Emily Martin

You know, like you said.

Jen Strait

Benefits, even if you're right to try to you can't prevent if it's not reported.

Emily Martin

Electronically, you're guilty until proven innocent in most cases of being an employer.

Jen Strait

Yeah. So there are some things to do to avoid all of that.

Emily Martin

Yes. All right. Number five, we've made it. This is the simplest one of all, the easiest and the easiest to fix. But the simplest mistake you could be making is just simply not recording properly. Recording or having employees record their time works at all. Right. So if you have complete payroll and you're processing payroll to complete payroll or another provider and you don't have any sort of time tracking mechanism in place, you really should be doing it.

Emily Martin

Best case scenario is having employees live punch with a timestamp when they come to work, when they leave for their break, when they come back for their break, and when they clock out. If you're not willing to do that or think your employees will hate it, at the very least, have people self-report total hours work each week. So there's an actual employee stated and generated record that says This is the hours I worked and therefore I was or was not do any overtime for this time.

Jen Strait

Right. And again, we talk about whether you're exempt or not exempt. Even if you're not do overtime, it's still going to have those recordings and salaries because you can get in getting a little bit. Yeah, massive Department of Labor.

Emily Martin

That's best cases to have everybody do it. In case there's ever a question of that classification later, you can at least prove but.

Jen Strait

And it's good to have it uniformity I think with all the employees. Yep. Right. And I mean.

Emily Martin

Even if you're a small employer, and everyone trust each other and it's a casual.

Jen Strait

Schedule all the time, it's family and friends. But again, it takes 11 employee that you add it on.

Emily Martin

Yeah.

Jen Strait

Or the Department of Labor deciding to to walk into the business, making sure that.

Emily Martin

What size you are.

Jen Strait

That everything is done correctly and that's what you want. You want to protect your business. We see this all the time. You work so hard to create your business and you want to protect it and take all these measures just just as you were to have insurance. Correct. You're hoping that you don't need to use the insurance, but you have it so you can protect yourself.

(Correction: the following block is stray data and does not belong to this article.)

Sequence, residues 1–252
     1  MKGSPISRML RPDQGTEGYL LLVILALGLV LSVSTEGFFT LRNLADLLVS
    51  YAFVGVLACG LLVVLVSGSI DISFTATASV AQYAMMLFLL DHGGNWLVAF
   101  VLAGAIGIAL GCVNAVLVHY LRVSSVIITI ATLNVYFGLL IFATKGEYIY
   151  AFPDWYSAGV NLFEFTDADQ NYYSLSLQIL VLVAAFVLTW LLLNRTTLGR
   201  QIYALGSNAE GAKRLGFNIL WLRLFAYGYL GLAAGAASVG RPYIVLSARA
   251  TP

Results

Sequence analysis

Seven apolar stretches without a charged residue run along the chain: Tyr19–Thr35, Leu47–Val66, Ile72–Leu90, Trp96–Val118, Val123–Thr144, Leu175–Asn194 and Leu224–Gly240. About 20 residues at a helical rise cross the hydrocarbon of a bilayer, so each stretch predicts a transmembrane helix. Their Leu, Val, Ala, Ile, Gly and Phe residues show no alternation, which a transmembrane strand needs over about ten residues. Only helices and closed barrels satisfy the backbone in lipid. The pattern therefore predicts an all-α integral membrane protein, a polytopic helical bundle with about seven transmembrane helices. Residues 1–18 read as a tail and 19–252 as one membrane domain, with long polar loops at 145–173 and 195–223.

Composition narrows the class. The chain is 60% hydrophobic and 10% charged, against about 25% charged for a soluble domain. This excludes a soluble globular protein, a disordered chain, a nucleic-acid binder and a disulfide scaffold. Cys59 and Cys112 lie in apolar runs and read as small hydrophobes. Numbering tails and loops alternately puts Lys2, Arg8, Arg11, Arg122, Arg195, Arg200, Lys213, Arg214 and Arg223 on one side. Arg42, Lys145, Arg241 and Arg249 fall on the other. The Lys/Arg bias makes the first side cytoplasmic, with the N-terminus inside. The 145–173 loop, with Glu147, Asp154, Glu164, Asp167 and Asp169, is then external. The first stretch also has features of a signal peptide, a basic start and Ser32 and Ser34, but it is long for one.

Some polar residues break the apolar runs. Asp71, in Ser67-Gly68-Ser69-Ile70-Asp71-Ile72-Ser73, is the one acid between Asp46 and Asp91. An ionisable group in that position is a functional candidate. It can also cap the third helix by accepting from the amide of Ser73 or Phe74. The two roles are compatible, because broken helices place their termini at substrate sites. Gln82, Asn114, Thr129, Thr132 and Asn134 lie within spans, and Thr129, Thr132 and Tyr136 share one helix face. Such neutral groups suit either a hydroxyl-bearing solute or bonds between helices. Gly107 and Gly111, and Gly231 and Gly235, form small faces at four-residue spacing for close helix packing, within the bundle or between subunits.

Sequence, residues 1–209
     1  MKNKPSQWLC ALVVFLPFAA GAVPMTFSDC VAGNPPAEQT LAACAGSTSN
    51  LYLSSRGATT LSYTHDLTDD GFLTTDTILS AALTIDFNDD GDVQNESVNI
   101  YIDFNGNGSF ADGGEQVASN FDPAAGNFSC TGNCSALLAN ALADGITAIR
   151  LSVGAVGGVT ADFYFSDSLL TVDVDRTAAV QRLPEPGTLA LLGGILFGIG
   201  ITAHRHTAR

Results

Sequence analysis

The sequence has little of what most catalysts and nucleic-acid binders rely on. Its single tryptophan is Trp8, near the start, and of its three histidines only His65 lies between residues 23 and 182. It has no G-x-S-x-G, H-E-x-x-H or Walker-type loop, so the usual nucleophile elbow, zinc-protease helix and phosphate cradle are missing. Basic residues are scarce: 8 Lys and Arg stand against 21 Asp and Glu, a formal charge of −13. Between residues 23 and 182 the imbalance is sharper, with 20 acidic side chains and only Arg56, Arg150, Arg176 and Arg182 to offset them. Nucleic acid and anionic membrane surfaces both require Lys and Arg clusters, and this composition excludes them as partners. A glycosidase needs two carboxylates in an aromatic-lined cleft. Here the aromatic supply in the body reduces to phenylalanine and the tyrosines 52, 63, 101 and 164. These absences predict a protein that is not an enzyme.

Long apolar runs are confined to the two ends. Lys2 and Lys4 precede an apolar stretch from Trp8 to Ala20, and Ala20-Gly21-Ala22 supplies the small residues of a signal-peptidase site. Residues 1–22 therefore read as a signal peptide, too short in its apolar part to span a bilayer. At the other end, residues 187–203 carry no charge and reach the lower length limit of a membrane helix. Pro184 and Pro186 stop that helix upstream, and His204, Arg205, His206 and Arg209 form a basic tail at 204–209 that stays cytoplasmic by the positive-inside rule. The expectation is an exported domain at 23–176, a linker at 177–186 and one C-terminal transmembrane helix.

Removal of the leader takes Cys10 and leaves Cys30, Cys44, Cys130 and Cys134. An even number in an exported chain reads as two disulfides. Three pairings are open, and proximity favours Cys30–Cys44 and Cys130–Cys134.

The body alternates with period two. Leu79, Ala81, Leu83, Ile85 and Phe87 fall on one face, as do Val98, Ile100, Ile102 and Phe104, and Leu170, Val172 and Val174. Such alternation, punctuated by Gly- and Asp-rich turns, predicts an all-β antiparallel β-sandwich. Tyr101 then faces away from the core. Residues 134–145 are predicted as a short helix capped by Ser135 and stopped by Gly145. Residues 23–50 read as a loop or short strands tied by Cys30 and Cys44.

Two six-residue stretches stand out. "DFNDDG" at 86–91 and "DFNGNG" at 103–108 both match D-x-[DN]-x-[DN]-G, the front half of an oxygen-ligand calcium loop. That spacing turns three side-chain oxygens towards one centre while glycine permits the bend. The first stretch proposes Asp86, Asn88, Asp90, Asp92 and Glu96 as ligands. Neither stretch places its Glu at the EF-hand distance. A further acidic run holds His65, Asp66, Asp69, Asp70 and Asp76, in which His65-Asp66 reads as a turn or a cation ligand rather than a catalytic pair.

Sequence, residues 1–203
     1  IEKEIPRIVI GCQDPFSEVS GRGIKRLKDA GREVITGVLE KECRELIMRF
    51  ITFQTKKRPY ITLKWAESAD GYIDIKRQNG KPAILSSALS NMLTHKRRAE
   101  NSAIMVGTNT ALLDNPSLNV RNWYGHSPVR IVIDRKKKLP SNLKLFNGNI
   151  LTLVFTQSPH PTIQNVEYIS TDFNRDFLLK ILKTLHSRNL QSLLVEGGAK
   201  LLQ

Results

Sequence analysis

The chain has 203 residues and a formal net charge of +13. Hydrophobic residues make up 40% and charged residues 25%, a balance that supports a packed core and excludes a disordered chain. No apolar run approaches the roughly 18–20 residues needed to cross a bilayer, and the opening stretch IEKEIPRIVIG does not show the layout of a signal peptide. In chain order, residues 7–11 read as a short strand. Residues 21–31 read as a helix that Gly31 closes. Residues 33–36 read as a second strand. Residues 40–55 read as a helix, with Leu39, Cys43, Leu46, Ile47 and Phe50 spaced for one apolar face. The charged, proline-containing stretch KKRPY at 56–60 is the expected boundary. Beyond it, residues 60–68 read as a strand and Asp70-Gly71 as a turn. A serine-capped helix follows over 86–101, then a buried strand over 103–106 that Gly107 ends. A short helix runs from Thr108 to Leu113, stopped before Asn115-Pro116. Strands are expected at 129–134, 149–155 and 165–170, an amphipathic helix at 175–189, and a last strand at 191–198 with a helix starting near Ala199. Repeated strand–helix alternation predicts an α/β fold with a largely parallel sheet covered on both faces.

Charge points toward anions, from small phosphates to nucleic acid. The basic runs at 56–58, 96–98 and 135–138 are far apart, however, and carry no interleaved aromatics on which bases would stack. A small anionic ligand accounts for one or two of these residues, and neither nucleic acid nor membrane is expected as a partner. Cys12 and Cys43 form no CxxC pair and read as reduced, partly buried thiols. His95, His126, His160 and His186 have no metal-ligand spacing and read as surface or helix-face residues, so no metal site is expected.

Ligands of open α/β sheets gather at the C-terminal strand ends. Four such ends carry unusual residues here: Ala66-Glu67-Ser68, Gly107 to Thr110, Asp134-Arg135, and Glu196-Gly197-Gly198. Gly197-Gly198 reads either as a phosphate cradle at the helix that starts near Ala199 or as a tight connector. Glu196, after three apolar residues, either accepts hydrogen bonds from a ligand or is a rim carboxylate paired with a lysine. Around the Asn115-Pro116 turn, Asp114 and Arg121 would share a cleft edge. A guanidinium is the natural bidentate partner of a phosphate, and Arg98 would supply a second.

Emily Martin

Absolutely. Yeah. And that's what we're here to do, is help you understand and and get better educated on what it is you don't know. So you can go back and audit these things for yourself and protect yourself. So, John, the takeaway again for all this is over time is not as simple as it seems for the reasons that we've stated.

Jen Strait

Side reasons.

Emily Martin

We say the five reasons, which again are inviting onto my website as well. So take a look at this. Make sure that you understand if you have supplemental pay as part of any hourly employees pay bonuses, whatever, and that, you know, whether or not that should be included in the regular rate calculation, make sure you're tracking all hours, tracking all breaks and talk to your payroll provider to make sure that they're automating as much of this.

Jen Strait

Possible for you, enough to automate it for you. So you can run your business. Well, thank you so much, Emily, and we hope to see you again real soon. Thank you again to Anya and Andrew and Cody. And we got probably Pete over there. Maybe he'll make an appearance later on this year. And still a lot trains are running really well, so we hope to see you here.

Jen Strait

I'm here often, so OK.

Emily Martin

We'll see you here. We'll plan to meet here to talk about all the time.

Jen Strait

All right. And message us if you would like, for us to be at your bar next. All right. Thank you. Cheers.

 

Get The Newsletter

Bi-weekly on Thursdays. We compile HR best practices, labor law updates & other content to help you pay and manage your workforce more effectively.

Ready For a Move to the Country?

Talk to Sales